Mostly, I just thought the article was interesting. But, what effect do you think movies (particularly those without an apparent agenda) have on popular political opinions, specifically that related to abortion? Does the art reflect the times or do the times reflect the art?
61 in flight. deliver me?

question about the Brain [19 May 2007|02:02pm]

So i was running through old posts here and I came across
(Cut for low bandwidth folks)

This picture makes a good point- about the end of life, not the beginning.  I tend to agree with the original purpose.  A brain is perhaps the most important organ in the human body because it transmits the mind (brain isn't the mind, mind isn't the brain, brain transmits the mind, mind uses the brain).  So without the brain, you have no way of expressing your mind. 

Therefore, when is a brain enough of a brain to be considered a brain, able to transmit the mind.  When does the mind begin existing?  Do our brains have to be fully functioning in order to be considered fully human? If our brains are only partially functioning, are we considered partially human?  Does the mind have any say in this? 

I'm a For Better of For Worse addict, and this morning the strip had this to say
In this comic, since Jim is not able to express himself verbally or otherwise because of a stroke.  He has aphasia.  But he is able to have cognizant thoughts and feelings.  Does that mean he is only partially human because his brain is only partially working?

Moving away from end of life issues again, I found this article this morning which found that our brains are not fully physically developed until between ages 10 an 12.  Of course, through adolescents we continue to develop neural pathways and have much development to do in that manner, but our brain has all the organic matter it will ever need.  So it takes much longer than 9 months in the womb to get a fully functioning brain. 

If the original image is correct for both end of life and beginning of life issues, that means that when I loose my brain completely, i am completely dead, and if i don't have one at all, then i am not alive (this includes brain stem).  But is existence of our mind is reliant on existence of our brain, or vice versa?  (note, literature for the last 100 years in Psychology has expressed that the 2 are separate functions, mind v. brain, not one in the same). So is then our person-hood reliant on our ability to express our mind?  And are we somehow subhuman if we can not do so fully (re: Jim and the stroke, or a child before age 12)?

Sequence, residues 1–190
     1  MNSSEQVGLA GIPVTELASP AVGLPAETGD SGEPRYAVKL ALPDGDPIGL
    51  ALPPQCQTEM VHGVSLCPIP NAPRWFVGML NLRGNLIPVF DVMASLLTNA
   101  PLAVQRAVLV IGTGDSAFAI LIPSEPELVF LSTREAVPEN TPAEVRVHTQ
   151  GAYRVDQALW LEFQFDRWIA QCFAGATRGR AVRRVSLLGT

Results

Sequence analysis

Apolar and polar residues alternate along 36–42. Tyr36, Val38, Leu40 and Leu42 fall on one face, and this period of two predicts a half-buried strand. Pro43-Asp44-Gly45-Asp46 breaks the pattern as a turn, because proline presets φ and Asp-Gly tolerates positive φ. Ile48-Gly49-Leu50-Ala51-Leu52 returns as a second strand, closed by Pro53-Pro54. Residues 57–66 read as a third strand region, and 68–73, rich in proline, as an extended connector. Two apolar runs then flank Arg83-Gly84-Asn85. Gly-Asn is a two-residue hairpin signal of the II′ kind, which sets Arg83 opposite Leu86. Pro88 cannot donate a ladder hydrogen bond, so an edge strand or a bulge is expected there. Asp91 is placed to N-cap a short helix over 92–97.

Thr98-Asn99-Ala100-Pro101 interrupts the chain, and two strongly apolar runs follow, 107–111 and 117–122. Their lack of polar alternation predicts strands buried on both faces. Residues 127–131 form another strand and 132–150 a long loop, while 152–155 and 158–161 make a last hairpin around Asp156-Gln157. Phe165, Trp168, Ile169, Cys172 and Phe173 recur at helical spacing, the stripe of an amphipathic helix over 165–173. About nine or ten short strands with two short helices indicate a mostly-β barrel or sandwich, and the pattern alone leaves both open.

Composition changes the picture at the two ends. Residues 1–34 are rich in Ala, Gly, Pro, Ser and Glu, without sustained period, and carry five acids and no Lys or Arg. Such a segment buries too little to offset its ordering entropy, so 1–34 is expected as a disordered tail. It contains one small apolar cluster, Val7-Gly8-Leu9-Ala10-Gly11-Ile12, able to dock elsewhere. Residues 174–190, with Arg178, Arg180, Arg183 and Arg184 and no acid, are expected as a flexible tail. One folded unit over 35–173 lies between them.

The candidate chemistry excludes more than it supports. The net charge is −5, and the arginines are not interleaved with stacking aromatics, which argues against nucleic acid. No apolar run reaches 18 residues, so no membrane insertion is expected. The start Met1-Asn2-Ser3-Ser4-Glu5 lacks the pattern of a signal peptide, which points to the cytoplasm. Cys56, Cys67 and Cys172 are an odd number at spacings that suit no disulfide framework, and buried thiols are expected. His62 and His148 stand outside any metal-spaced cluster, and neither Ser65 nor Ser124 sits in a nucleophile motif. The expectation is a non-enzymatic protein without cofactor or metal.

108 in flight. deliver me?

Sex selection. [18 May 2007|06:16pm]

The issue of using abortion for sex selection is definitely complicated. In some countries, prospective parents are not allowed to know the sex of the fetus at all, as there is a discrepancy in the number of men and women. In those countries, it has gotten to the point that there is actually social upset due to the shortage of women.

Particularly for pro-choice people, what do you think about sex-selection?
Should it be banned in countries such as China and India?
Should it be banned in countries where there is currently no major difference in the number of men and women (such as the US)?
Do you think it is immoral or unethical to abort based on fetal sex?
46 in flight. deliver me?

Pro- Life Insurance [11 May 2007|10:18am]

As we all know, there are choices one can make to minimize unintended pregnancy, but risks are involved. Even permanent options such as tubal ligation and vasectomy have rates of failure. How can men and women manage such risks?
Read more...Collapse )
31 in flight. deliver me?

MOD POST - PLEASE READ [10 May 2007|05:46pm]

It has recently come to our attention that some community members think the mods "do nothing" about personal attacks. However, this overlooks a key point - we need to be made aware of such attacks. We are not, contrary to popular belief, omniscient beings who are aware of every comment made in this community. If you have a problem with the behavior of another member and you see that a mod has not yet taken any action to diffuse the situation, EMAIL US. Our contact information, as well as our policy on this issue, is on the community info page. Presumably all of you read it when you joined, but if not, please avail yourself of it now.

PS-Morbo is currently accepting sacrifices of small children and puppies posts for the queue. Satisfy him or face his alien wrath.
deliver me?

Ultrasound Legislation [01 May 2007|05:15pm]

As some of you may have heard, Texas has recently passed a bill requiring physicians to provide their patients with an opportunity to view the ultrasound prior to performing an abortion. The patient must sign a form signifying that they did receive this opportunity, however it is not mandatory to actually view the ultrasound. (Initially, the bill required the patient to view the ultrasound, but NARAL and numerous other organizations worked to make the law more moderate).

So, here's my question for everyone:

What do you think of requiring physicians to provide the patient the opportunity to look at the ultrasound?

1. Do you think it should be required? Why or why not? What purpose does it serve for the patient, the physician, and the advancement of your political agenda (or your opposition's)?

2. What impact, if any, do you think such requirements have on the number of abortions? Do you have anything to back up your opinion?

Just to clarify, for those who weren't aware, doctors perform an ultrasound prior to the abortion anyway, so this does not increase the cost of the procedure. Should have mentioned this earlier.
70 in flight. deliver me?